GSA Annual Meeting in Denver, Colorado, USA - 2016

Paper No. 341-12
Presentation Time: 9:00 AM-6:30 PM


ANDERSON, Joshua G., Geology Department, Pomona College, 185 E. Sixth St., Claremont, CA 91711 and GAINES, Robert R., Geology, Pomona College, 185 East Sixth Street, Claremont, CA 91711,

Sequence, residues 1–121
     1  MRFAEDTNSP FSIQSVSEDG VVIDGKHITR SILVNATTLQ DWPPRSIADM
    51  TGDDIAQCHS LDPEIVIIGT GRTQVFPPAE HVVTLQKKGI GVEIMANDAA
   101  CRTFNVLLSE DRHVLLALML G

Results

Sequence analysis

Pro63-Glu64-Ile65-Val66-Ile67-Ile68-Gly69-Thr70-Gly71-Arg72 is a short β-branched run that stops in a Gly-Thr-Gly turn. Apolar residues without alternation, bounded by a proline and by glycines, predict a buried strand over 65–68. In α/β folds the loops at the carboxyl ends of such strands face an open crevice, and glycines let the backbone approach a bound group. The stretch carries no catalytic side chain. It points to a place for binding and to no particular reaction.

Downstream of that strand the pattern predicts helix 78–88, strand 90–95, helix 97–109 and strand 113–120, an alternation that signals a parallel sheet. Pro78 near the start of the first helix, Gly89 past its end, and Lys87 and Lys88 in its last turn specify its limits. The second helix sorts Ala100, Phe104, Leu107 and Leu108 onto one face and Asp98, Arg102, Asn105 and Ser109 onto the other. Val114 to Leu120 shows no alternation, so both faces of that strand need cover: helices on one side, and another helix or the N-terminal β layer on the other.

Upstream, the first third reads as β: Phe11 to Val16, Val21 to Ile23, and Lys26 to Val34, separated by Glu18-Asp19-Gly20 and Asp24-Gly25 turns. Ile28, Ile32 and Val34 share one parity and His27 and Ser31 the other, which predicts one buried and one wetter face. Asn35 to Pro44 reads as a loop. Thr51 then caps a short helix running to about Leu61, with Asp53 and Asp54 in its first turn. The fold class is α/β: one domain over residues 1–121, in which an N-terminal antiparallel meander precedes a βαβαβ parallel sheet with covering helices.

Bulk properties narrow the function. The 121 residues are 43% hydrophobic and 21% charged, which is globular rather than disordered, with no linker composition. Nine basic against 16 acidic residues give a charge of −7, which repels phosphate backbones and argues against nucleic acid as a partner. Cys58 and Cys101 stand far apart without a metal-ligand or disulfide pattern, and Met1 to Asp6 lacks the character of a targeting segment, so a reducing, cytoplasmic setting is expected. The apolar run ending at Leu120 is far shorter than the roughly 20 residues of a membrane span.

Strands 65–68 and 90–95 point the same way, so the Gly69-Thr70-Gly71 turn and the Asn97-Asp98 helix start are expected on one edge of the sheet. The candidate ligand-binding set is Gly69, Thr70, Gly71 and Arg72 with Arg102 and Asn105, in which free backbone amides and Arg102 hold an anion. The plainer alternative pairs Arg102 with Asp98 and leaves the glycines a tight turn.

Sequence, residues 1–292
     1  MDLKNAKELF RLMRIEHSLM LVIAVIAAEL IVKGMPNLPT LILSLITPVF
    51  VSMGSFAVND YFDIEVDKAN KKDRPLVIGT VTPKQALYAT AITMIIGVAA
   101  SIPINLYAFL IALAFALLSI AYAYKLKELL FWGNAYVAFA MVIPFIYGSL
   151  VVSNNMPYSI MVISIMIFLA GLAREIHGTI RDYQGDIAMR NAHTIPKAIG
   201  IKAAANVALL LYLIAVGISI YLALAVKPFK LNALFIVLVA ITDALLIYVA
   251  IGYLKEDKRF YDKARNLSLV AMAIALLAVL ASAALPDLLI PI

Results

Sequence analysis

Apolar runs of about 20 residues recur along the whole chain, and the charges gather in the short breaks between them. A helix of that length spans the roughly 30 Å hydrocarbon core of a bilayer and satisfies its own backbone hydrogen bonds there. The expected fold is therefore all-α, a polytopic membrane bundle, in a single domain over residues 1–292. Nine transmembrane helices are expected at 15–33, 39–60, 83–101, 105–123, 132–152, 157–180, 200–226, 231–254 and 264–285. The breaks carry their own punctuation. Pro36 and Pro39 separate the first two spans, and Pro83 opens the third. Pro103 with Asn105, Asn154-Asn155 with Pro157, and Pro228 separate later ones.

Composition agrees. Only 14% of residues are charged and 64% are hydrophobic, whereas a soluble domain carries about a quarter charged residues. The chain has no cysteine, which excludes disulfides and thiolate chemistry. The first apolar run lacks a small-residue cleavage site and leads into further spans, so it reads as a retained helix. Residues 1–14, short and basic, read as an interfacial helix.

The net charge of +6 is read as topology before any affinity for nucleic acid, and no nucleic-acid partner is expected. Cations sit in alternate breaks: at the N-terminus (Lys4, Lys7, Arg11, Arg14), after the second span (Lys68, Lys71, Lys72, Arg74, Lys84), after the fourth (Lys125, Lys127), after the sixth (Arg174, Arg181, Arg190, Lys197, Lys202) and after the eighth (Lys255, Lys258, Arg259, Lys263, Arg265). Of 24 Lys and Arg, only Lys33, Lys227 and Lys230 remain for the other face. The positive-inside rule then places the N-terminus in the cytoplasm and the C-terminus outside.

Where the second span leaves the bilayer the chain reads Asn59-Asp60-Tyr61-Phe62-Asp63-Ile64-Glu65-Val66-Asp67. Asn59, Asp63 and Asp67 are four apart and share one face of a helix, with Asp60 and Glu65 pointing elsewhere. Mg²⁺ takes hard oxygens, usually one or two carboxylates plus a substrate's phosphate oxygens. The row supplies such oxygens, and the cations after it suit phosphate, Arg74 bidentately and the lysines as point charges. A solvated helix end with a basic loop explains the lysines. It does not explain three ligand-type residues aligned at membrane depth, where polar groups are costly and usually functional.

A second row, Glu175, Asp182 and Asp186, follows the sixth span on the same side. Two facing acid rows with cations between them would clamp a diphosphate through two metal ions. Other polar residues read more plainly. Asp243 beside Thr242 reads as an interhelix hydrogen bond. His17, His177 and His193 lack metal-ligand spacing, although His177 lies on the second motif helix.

Carbonate concretions provide critical records of biogeochemical processes in ancient marine sediments, and also hold importance for interpreting the long-term evolution of oceanic chemistry over geologic time. The early Paleozoic is of special interest as a time of rapid transitions in Earth’s biosphere and surface chemistry, yet concretions from this interval remain poorly studied compared to more recent examples. This study focuses on middle Ordovician strata of the Glenogle Formation in the southeastern Canadian Rockies, which comprises a thick succession of organic rich graptolitic mudrocks. Concretionary bodies were found to occur in multiple discrete intervals of 0.4 – 3.0 m in thickness, separated by much larger (often >10m) intervals that lack concretions. Carbonate concretions spanning a wide array of sizes (10’s of cm) and shapes (ovoid to tabular) are present, and are comprised of calcite with subordinate pyrite that occurs dispersed throughout the concretionary framework as well as in fissures of later diagenetic origin. These concretions exhibit a primarlily displacive growth habit, but replaced bedding is also observed in some cases. The calcite bodies appear to represent typical concretion growth promoted by organic processes, however, they occur in close stratigraphic proximity (<1m) to smaller authigenic mineral masses whose growth appears to have been promoted by inorganic forcing. These ovoid mineral aggregates range in size from 1-6 cm and are comprised of a barite-quartz-pyrite-calcite mineral assemblage, with barite appearing to comprise the majority of the aggregate framework and calcite occurring primarily as a late phase fracture-fill. These aggregates exhibit a clearly displacive growth habit, invoking precipitation during early diagenesis. Importantly, the presence of abundant barite as nodules within the mudrocks appears to require episodes of evaporative concentration of seawater in this productive deep-water basin on the middle Ordovician passive margin. Geochemical data allow for detailed reconstruction of pore water biogeochemistry during episodes of authigenesis driven by alternately organic and inorganic processes.